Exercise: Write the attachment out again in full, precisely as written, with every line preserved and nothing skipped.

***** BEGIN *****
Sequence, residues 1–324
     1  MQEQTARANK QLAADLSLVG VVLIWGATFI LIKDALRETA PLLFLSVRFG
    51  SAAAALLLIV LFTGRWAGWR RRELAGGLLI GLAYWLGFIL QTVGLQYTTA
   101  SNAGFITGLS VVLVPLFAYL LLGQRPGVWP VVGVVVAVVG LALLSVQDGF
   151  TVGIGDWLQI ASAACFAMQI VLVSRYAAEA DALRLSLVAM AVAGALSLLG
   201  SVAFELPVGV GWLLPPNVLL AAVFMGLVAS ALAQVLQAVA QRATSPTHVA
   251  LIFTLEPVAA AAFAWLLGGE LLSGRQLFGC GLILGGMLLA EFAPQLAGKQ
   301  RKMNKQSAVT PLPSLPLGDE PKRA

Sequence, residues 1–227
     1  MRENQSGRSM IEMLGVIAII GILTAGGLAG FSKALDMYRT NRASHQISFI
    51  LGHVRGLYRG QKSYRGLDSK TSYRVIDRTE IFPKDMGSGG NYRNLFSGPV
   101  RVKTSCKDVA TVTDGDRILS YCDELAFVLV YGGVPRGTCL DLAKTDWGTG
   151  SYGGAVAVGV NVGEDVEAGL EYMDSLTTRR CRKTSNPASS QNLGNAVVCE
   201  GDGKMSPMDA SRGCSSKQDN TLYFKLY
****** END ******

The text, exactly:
Sequence, residues 1–324
     1  MQEQTARANK QLAADLSLVG VVLIWGATFI LIKDALRETA PLLFLSVRFG
    51  SAAAALLLIV LFTGRWAGWR RRELAGGLLI GLAYWLGFIL QTVGLQYTTA
   101  SNAGFITGLS VVLVPLFAYL LLGQRPGVWP VVGVVVAVVG LALLSVQDGF
   151  TVGIGDWLQI ASAACFAMQI VLVSRYAAEA DALRLSLVAM AVAGALSLLG
   201  SVAFELPVGV GWLLPPNVLL AAVFMGLVAS ALAQVLQAVA QRATSPTHVA
   251  LIFTLEPVAA AAFAWLLGGE LLSGRQLFGC GLILGGMLLA EFAPQLAGKQ
   301  RKMNKQSAVT PLPSLPLGDE PKRA

Sequence, residues 1–227
     1  MRENQSGRSM IEMLGVIAII GILTAGGLAG FSKALDMYRT NRASHQISFI
    51  LGHVRGLYRG QKSYRGLDSK TSYRVIDRTE IFPKDMGSGG NYRNLFSGPV
   101  RVKTSCKDVA TVTDGDRILS YCDELAFVLV YGGVPRGTCL DLAKTDWGTG
   151  SYGGAVAVGV NVGEDVEAGL EYMDSLTTRR CRKTSNPASS QNLGNAVVCE
   201  GDGKMSPMDA SRGCSSKQDN TLYFKLY